Reviews & Briefs
Commentary: Why the 'loser' in SNL's NATO skit is important
Baltic Bulletin, Foreign Policy Research Institute, December 18, 2019.
The NBC sketch show picked up on some undeniable comedic fodder provided by world leaders in a hot mic incident at the NATO summit in London, bringing the childish gossip into the school-like cafeteria. But where there are popular kids, there are bound to be the social outcasts — and at SNL it was NATO’s new members who fell victim to the bullying “bad boys.”
Interviewer: Discussion with author Inga Gaile
National Book Festival, Library of Congress, Washington, DC, August 31, 2019.
Inga Gaile discusses "30 Questions People Don’t Ask: The Selected Poems of Inga Gaile" (Pleiades) with Indra Ekmanis. Introduced by: Artūrs Saburovs, Embassy of Latvia.
Baltic Bulletin, Foreign Policy Research Institute, August 22, 2019.
The Baltic Way was part of the larger, overarching Baltic freedom movement called the Baltic Singing Revolution, where musical traditions of the region played a key role in reestablishing independence in 1991.
Analysis: (De)friending in the Baltics: Lessons from Facebook's Sputnik crackdown
Baltic Bulletin, Foreign Policy Research Institute, January 31, 2019.
In January, Facebook shut down more than 350 pages and accounts linked to Russian state-owned media tied to outlets across the Baltic states, Central and Eastern Europe, the Caucasus, and Central Asia. Accruing audiences based on neutral topics, these pages and accounts also pushed coordinated Kremlin propaganda to around 800,000 unsuspecting followers. Despite being direct targets of Russian campaigns, Facebook lists no partner organizations in the FSU to help track fake news. This should changeas a hub in the region, the Baltics boast a broad pool of potential employees with significant language and cultural competency in the post-Soviet space. The Baltics are no strangers to Russia’s fake news assault, and they often prove better equipped to handle it than Americans.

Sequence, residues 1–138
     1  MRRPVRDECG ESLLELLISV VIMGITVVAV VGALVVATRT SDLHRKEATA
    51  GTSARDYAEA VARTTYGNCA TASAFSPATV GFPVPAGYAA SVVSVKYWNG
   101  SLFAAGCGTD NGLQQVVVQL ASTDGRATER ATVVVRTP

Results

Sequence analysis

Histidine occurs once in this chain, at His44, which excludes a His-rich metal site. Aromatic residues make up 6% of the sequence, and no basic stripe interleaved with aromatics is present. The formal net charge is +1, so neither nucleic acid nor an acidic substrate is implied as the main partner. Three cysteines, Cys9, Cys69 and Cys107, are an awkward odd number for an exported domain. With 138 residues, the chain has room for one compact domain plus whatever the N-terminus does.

Analysis: Latvia's Elections: The View from Afar
Baltic Bulletin, Foreign Policy Research Institute, October 22, 2018.
After the votes were tallied in Latvia’s October 6 parliamentary election, foreign news media headlines exclaimed that pro-Russia party Harmony dominated the 13th Saeima (parliament) elections. But the real story is in the shift toward something new.
Baltic Bulletin, Foreign Policy Research Institute, July 27, 2018.
A pitfall of integration talk in media, politics and academic research, is a tendency to focus on points of difference. But in Latvia, the lines between Russian speakers and Latvians are constantly blurred in everyday experiences—even in some of the most Russian-speaking areas of the country.
Interview [video]: Is There a Common Baltic Cultural Identity?
Wilson Center NOW, interviewed by John Milewski, January 17, 2018.
Is there a common Baltic cultural identity? How have Estonia, Latvia, and Lithuania dealt with integrating Russian-speaking communities within their societies? And what role do youth groups and education play in these initiatives? Wilson Center NOW spoke with the Kennan Institute’s Title VIII Research Scholar Indra Ekmanis about her efforts to identify and understand cultural identity in the region.
Baltic Bulletin, Foreign Policy Research Institute, December 20, 2017.
In a rural school in Latgale, breaks between classes are noisy with students joking, laughing, and playing. In class, they speak Latvian — in the hallways, Russian, too. More families are sending their children to the Latvian stream, even if they speak Russian at home. Even if they speak Russian at home, many families see it as a positive for their children to learn in Latvian. This unforced shift in the "most Russian" region is a clear example of ethnic school integration that’s working.
Baltic Bulletin, Foreign Policy Research Institute, October 18, 2017.
Twenty-five years after the Soviet Union collapsed, 52 newborns in Latvia became former citizens of a country that no longer exists. They are Latvia’s “non-citizens”—a stop-gap status that has become a chronic blight on Latvia’s post-Soviet democratization.
Carnegie Space Security Initiative, University of Washington, June 1, 2016.
The European Union is broadly considered to act as a normative power. Concern for the health and welfare of people and the planet extends to Europe’s approach to space. How does this translate into its engagement with space industry?
Ellison Center for Russian East European & Central Asian Studies Newsletter | Selected commentary:
Panel analyzes Euromaidan as events unfold (January 2014)